As Weber has it, our disenchantment (Entzauberung) with the world cannot be redeemed with only art. Art is the means, not an end. Art, or better yet, contemporary art is preserved inside a social summum called Culture. This is the supreme constellation of values.

Following Weber's discussion to the now: Culture transforms the old "what's right" of morals into "what's beautiful" of aesthetics. In fact, the kantian prerequisite of beauty as purposelessness automatically vanishes.

"Beautiful" is not an aesthetic category  even if presented in that manner in art catalogs & art publicity but a top-down economic diktat legitimized as "aesthetic" value by the art market.

"beautiful" is whatever sells

Authority (cultural) is directly proportional to economic power.
The inaccessibility of appeal from aesthetic judgments excludes discussion. This shift from the moral to the aesthetic evaluation of conduct is a common characteristic of intellectualist epochs.
Critical discourse doesn't have a place here. Present "aesthetics" excludes "discussion" because critical discourse's nature is resistant to art publicity, the art market's selling arm. When the art market's Wertrationalität takes over, "inaccessibility" becomes a obscurantist strategy with the sole purpose capital accumulation.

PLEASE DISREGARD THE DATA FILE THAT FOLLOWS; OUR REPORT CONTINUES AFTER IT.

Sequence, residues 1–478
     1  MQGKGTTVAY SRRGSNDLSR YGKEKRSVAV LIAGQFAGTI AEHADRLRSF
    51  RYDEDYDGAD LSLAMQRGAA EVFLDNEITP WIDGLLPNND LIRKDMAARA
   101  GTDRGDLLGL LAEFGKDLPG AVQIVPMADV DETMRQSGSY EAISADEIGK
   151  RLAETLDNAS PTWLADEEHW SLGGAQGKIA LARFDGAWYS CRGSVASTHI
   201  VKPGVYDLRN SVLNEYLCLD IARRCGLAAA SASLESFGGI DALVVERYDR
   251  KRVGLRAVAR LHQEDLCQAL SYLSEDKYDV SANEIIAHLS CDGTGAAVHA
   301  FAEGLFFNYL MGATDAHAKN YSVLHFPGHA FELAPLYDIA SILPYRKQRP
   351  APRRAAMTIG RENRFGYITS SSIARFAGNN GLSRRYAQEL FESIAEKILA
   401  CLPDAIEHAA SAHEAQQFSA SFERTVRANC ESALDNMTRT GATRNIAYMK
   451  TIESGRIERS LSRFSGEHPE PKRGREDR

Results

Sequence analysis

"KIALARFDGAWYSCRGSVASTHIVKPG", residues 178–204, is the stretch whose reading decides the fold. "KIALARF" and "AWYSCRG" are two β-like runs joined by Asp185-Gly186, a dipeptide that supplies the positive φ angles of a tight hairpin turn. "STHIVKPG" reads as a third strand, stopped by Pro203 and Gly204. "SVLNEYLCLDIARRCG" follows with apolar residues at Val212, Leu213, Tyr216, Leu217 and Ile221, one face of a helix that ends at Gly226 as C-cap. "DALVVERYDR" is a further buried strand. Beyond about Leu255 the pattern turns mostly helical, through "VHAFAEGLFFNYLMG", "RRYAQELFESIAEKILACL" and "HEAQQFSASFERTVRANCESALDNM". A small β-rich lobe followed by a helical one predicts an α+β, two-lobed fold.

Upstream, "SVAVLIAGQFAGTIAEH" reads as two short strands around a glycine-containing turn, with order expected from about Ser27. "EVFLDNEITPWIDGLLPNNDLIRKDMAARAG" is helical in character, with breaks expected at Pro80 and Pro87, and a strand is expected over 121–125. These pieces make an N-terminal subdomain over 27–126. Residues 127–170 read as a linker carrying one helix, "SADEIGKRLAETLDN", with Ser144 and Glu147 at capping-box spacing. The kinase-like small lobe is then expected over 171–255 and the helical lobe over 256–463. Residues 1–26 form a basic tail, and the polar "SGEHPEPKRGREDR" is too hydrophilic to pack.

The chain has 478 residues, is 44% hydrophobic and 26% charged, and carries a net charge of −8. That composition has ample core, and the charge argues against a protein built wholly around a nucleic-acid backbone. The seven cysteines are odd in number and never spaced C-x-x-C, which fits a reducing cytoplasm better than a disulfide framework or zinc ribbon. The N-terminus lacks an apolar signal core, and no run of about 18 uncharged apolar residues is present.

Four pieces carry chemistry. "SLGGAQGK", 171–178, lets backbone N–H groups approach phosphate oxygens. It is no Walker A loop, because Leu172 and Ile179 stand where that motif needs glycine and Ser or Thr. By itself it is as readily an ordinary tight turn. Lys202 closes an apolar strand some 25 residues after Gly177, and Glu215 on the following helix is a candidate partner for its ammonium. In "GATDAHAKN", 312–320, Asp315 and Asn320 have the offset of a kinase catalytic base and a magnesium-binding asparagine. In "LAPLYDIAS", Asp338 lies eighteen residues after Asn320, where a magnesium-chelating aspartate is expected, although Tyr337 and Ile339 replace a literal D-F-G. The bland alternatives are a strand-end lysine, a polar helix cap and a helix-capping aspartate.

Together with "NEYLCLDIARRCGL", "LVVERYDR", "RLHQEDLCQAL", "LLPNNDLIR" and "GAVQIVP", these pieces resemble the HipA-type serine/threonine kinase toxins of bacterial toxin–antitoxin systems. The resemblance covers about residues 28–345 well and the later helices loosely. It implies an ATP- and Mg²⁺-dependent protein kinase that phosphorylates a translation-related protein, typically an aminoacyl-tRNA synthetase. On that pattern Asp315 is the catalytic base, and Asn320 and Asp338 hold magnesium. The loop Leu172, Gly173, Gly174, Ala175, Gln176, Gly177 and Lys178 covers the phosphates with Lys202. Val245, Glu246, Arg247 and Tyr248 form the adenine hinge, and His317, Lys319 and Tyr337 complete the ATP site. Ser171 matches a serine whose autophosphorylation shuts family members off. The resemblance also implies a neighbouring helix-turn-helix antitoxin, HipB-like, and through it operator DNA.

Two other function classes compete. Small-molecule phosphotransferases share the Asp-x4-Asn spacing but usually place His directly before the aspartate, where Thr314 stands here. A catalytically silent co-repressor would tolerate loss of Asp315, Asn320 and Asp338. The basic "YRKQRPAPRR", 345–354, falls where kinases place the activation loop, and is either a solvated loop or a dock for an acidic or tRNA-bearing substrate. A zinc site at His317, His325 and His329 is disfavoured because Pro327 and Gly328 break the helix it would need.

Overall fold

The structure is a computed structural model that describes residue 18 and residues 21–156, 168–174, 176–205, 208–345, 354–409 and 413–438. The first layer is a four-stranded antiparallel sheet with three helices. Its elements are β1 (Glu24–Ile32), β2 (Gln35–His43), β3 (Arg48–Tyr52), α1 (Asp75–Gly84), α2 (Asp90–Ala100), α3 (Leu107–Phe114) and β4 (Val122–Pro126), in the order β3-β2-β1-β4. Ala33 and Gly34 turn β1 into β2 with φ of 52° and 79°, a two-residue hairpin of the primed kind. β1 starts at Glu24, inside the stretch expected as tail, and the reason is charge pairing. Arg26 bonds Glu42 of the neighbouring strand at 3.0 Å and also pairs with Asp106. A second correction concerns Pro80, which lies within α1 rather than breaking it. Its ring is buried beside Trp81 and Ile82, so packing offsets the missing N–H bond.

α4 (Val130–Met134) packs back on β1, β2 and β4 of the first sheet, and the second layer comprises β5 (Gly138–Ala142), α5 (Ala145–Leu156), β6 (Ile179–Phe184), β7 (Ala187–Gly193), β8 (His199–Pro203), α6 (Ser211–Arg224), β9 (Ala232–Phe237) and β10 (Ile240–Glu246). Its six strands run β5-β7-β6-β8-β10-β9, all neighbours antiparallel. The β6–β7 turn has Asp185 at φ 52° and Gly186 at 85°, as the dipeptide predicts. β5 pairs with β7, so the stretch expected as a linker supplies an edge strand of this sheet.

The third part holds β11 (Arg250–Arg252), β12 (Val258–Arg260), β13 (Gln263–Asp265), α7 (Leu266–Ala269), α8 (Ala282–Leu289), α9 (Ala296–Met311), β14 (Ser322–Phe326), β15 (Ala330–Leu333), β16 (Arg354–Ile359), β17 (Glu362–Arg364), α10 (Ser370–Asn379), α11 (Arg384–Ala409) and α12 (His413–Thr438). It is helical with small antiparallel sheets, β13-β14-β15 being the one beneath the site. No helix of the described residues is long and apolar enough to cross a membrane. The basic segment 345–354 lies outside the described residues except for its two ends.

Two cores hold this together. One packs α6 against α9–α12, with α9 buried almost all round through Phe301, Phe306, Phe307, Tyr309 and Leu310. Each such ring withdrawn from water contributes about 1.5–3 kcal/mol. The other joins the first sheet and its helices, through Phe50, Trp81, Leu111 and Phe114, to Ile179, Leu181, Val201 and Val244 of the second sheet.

As contemporary art presentations multiply and the masses consume it as culture, more and more publicity discourse is produced to support it. "Inaccessibility" is an obscurantist strategy of obscurantism with the sole purpose of profit-making.

Here are some provisional consequences of our present cultural paradigm:

 More auctions (capital circulation to produce capital, Marx's old definition).
 More art fair art, which in turn requires opening up new art fair markets to assuage market appetite. 
 More redundancy, less stylistic diversity.
Multiplication of conflicts of interest, i.e., market vs. art institutions become more pronounced.
 Market pressure foists wishy-washiness into curatorial practices.
 Outsourcing labor to specialists to produce more non-making art.

The danger ahead is that Culture, in its all-pervasive form, stimulates conformity through a pretense of active pursuit. In fact our general sense of achievement is nothing but anomic resignation in the face of occupational specialization.

(to be continued)
*All quotes taken from "The religious rejections of the world and their directions," in H. Gerth and C. Wright Mills (eds), from Max Weber: Essays in Sociology (Oxford University Press, 1946), p. 340-3. ** The definition of productivity is the value of goods and services produced in a period of time, divided by the hours of labor used to produce them. The industrial revolution shortened time per production of each unit, which increased productivity. Marx's idea of surplus value is linked to these correlations.